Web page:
‘Jane’ was my first decent film. A LGBTIQ story about unrequited love. We shot that back in around 2011 or 2012 I think, since then it was shown at The queers in shorts film festival in Oxford, UK and has been viewed over 45 thousand times on YouTube.
I did a Cert 2 or 3 in Multimedia too while I was studying VCE. After high school I went on to do a bachelor degree of film production at SAE Institute.
DB — Your IMDB goes right back to 2011 Dia. You’ve worked on films as an actress, writer, producer, director, production manager…. Pretty much everything. Is there one particular thing that you wish to specialise in? Quick! Tell us now! Enquiring minds demand to know.
DT — Hahaha yes, yes of course. I’ve done pretty much every job under the sun but I like to mainly specialise in directing, and I think by working in so many areas of film it helps with the directing side of things. To be a director you sort of have to have a basic understanding of all departments so when someone comes to you with an issue, you can sit down and work it out properly. So yeah, Definitely directing.
DB — With so many films that you have been involved in, is there one in particular that stands out for you? And don’t think about it too much. We want an honest answer without evasion, equivocation or mental reservation.
DT — Hmmmmm that’s a really tough one honestly. Every film has been really different. I’ve met so many amazing people on so many different projects too.
I’d have to say that there’s a few that do really stand out.
‘The Green Woman’ was my first feature and sort of the first film to get me into the industry. It was a real eye opener and I was so lucky to meet so many great people involved. Being on set nearly every day for a month was daunting.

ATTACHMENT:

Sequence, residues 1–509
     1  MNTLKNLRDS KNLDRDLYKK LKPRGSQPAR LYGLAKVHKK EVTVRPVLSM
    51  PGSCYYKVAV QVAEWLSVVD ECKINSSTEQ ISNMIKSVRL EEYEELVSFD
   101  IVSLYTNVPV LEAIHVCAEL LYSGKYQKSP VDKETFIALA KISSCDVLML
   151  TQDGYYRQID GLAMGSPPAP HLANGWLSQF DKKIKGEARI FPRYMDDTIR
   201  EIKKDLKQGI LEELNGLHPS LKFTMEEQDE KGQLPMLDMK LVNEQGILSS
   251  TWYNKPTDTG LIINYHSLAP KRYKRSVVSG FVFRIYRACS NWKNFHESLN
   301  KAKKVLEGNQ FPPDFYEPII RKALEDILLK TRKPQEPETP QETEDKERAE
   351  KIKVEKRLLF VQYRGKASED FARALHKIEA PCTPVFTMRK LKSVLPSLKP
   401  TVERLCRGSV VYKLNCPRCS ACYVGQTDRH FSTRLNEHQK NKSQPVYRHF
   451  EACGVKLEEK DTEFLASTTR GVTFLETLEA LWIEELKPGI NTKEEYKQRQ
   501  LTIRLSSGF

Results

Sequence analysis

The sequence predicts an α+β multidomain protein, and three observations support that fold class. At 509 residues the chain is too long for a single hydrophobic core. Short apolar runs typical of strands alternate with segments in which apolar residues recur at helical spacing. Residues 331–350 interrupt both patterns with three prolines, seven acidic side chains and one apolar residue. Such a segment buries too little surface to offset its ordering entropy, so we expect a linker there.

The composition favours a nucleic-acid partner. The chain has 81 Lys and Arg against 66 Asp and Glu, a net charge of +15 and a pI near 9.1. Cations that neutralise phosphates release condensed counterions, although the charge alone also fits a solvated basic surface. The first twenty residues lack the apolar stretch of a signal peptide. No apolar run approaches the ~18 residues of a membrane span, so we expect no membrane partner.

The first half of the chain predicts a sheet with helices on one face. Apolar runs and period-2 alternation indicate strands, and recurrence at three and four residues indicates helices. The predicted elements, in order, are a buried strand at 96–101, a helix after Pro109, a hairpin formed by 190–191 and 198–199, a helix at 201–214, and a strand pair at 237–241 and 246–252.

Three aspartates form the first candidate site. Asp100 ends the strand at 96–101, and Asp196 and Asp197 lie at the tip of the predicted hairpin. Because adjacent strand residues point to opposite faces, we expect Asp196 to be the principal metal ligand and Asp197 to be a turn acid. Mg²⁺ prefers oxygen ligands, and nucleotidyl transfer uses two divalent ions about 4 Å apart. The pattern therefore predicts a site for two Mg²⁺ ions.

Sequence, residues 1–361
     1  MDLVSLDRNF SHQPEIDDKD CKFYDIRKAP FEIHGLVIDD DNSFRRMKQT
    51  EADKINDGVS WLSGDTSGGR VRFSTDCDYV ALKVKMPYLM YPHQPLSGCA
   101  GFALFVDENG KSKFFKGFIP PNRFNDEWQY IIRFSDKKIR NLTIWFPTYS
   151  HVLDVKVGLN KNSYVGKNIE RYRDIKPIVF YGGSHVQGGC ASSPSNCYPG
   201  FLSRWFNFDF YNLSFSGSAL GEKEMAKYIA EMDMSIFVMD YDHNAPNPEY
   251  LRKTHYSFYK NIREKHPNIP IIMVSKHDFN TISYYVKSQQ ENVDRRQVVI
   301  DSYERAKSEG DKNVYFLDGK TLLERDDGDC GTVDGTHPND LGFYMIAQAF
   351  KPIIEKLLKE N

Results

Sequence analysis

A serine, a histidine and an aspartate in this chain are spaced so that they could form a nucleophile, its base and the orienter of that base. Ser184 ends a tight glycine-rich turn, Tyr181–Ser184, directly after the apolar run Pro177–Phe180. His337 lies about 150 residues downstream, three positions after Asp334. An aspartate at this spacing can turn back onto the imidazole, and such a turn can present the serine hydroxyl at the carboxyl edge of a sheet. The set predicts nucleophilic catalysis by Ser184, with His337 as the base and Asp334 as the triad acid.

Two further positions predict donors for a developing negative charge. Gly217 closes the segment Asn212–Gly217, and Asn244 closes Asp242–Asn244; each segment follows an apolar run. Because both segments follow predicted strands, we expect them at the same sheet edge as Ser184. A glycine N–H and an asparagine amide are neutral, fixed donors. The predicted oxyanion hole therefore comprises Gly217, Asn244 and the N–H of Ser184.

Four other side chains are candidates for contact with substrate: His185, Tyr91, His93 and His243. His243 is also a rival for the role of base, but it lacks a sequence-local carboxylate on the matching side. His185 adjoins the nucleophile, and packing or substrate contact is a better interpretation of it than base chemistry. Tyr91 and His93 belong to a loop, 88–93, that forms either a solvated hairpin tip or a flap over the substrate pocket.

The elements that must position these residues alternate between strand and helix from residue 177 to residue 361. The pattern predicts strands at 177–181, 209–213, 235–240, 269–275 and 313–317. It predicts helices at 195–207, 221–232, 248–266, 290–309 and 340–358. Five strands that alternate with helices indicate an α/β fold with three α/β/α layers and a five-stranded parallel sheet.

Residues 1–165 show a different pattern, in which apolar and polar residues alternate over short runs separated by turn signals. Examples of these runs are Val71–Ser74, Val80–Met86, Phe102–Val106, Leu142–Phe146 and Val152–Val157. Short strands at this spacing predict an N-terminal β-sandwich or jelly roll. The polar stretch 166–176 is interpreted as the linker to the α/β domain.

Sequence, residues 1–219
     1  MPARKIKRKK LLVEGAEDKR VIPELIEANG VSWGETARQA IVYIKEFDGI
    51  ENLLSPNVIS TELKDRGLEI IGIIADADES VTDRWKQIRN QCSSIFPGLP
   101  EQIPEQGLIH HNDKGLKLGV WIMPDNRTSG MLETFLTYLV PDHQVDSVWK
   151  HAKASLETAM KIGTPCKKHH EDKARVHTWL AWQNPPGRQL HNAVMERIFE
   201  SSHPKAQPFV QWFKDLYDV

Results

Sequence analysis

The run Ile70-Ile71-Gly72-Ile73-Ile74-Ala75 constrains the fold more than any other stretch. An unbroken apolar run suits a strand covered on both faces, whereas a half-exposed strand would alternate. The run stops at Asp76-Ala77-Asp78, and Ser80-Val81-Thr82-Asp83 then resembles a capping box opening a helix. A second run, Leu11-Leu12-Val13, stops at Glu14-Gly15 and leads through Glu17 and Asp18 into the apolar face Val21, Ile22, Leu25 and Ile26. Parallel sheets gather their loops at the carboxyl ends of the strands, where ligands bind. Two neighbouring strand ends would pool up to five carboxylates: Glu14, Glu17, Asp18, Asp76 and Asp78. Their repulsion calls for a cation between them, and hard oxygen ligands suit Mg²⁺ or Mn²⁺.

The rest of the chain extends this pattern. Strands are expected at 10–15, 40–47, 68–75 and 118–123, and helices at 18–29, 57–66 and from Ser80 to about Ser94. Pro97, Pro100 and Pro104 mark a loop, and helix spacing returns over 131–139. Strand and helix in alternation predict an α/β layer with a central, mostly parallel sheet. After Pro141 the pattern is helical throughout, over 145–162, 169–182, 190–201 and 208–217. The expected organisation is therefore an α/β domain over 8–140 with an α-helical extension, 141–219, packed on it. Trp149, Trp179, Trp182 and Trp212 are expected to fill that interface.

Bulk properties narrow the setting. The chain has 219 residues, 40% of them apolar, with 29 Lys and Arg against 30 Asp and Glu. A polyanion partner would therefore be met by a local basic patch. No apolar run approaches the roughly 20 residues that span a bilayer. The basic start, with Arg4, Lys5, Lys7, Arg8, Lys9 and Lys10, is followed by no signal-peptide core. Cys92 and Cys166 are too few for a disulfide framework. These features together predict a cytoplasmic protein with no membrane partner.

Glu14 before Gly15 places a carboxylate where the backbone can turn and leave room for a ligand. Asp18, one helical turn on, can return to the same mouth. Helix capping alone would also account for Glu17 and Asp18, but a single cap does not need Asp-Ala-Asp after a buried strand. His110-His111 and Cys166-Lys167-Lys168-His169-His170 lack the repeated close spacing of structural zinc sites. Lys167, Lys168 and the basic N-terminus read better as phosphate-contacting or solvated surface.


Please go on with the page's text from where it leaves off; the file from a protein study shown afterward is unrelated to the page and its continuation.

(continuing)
‘Marital Problems’ was my first directorial feature and I sort of made like a little family with a lot of the cast and crew.
I guess I’d also have to mention recently, probably Nick Koniuszuko’s ‘Incident Report’ was probably one of my favourite projects to work on to this date and probably Nathan Hill’s ‘I, Portrait’. The casts and crews just worked really well together and the vibe on set was both friendly and professional.
Story wise though, probably a film I’m currently working on called ‘Little Miseries’, I have a lot of faith in this film. It should be out next year.
DB — It’s near impossible to keep up with what you are doing Dia, because I have never seen anyone so active, on so many shoots! And the variety of things you are doing on these sets is also mind blowing!!! It has my head spinning, so I have to ask you …. Where do you see yourself in 5 years? What direction do you want to take with your career?
DT — Haha yeah I’ve been accused of doing too much ahahaha.
In 5 years huh? Ideally probably living and working in the UK in a production company, maybe with another feature done and one currently in the works. I’m still yet to win an award — I’ve come pretty close but always the bridesmaid, never the bride — so that would be nice too. Maybe working half in Melbourne too.
DB — Damn, she got away! All I can see now is an empty chair, slowly spinning around and an open door. Well, for those who want to try to keep up with Dynamic Dia Taylor, here are some links
IMDB, Starnow, YouTube, FaceBook and Website
David Black regularly writes for Oz Indie Cinema and is the lead singer/ bass player for Darkness Visible